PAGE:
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Finance Dictionary and Glossary of Investment Terms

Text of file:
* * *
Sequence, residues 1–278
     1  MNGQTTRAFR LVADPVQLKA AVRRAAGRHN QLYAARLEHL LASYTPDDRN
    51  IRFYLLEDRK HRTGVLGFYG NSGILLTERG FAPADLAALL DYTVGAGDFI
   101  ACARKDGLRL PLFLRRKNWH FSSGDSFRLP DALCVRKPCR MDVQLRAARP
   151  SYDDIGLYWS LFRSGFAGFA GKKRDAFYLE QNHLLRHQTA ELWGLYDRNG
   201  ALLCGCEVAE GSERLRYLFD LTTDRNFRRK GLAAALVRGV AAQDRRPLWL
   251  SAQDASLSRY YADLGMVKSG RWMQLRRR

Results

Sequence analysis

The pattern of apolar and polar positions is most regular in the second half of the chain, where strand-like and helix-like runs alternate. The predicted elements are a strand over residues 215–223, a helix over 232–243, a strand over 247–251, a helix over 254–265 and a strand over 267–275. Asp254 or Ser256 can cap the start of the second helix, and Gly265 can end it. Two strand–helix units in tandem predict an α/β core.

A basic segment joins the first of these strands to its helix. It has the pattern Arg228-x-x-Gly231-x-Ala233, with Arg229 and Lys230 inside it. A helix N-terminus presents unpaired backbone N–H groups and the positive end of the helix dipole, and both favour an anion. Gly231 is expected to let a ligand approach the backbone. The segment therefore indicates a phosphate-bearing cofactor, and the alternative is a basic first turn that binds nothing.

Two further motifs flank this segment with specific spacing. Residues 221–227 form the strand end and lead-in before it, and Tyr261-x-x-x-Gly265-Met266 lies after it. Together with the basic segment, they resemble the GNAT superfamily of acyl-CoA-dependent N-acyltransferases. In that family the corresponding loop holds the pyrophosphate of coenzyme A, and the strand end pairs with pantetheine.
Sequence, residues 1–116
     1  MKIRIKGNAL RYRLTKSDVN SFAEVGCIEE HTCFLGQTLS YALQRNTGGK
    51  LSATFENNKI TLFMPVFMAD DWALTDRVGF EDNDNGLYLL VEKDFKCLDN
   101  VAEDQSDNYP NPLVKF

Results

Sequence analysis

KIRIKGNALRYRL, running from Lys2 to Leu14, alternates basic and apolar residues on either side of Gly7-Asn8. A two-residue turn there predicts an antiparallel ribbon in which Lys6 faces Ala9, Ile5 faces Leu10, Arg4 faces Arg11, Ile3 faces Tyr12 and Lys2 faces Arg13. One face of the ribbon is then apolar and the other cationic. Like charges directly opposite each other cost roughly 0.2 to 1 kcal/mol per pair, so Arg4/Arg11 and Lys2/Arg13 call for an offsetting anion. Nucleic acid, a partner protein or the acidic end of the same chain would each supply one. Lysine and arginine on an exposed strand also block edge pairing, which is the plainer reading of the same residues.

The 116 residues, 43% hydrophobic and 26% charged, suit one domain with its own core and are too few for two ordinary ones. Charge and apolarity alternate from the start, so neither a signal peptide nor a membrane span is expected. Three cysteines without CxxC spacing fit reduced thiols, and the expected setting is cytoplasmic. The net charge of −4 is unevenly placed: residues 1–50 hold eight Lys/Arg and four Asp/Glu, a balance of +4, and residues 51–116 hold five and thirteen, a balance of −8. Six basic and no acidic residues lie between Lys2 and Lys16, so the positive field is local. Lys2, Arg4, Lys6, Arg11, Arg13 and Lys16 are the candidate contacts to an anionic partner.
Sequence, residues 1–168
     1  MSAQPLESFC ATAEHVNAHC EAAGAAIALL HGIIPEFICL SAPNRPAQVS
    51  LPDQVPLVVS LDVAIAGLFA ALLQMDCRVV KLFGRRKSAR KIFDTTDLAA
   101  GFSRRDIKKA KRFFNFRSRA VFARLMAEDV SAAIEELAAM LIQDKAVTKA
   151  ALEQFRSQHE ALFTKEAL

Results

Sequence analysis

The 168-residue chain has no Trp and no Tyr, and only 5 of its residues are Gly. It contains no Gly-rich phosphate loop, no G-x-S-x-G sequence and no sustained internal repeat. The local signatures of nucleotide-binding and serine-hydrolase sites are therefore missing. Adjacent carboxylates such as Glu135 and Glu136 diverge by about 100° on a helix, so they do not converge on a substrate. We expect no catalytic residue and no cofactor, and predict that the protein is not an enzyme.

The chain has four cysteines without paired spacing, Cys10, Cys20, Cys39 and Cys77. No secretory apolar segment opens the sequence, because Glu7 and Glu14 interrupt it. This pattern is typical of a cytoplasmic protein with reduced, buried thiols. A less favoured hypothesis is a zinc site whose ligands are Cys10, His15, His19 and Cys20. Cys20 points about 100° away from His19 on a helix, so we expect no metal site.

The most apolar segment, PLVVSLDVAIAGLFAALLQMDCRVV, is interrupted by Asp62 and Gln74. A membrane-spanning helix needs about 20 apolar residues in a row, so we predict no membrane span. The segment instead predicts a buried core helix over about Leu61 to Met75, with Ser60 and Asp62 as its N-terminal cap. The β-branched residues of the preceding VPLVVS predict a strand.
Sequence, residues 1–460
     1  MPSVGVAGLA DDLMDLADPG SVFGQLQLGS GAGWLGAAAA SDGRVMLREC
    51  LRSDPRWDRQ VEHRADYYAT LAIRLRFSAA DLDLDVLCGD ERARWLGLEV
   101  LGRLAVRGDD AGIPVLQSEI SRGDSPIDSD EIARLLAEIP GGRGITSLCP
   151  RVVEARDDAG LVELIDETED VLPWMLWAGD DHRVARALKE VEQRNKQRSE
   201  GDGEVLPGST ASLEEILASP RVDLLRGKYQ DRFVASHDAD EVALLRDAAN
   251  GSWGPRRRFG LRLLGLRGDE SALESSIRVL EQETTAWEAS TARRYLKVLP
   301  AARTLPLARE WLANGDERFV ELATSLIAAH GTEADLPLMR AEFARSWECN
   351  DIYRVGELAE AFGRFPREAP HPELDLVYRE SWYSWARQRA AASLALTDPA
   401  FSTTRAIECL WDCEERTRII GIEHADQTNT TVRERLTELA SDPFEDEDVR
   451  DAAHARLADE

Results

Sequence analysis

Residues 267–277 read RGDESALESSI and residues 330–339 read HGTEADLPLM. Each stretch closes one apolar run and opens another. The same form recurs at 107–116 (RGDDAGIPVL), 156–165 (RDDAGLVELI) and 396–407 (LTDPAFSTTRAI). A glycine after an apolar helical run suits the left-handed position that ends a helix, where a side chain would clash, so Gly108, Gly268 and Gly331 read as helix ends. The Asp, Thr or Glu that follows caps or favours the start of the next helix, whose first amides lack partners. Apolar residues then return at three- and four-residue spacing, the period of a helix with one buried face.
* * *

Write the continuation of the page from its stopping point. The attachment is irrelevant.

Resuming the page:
The latest closing price of the stock divided by the most recent quarter''s book value per share. (Book value is simply assets minus liabilities.) Also known as the price/equity ratio. A favorite of strict value investors, the price/book ratio gives some idea of whether you''re paying a little or a lot for what would be left of the company if it went out of business immediately. A price/book ratio of less than one causes value hunters to salivate. One reason is that basic accounting principles, geared to err on the side of conservatism, typically understate a company''s book value, since assets must be accounted for at cost less depreciation. Thus, a factory could have little or no value on the balance sheet even though, if it were for sale, it might bring millions. Given all this, a very low price to book ratio makes some fundamental investors feel that an ability to generate earnings as well is almost gravy.As with most ratios, this one will vary by industry. The price/book ratio can be especially useful in any field where asset values are fairly certain. The thrift industry is one example; since a thrift''s largely financial assets are much easier to value than those of an industrial concern, the price/book ratio for a thrift is not as subject to accounting vagaries.The Price/Book Ratio for an entire portfolio is the weighted average of the price/book ratios of all the stocks in a mutual fund''s portfolio.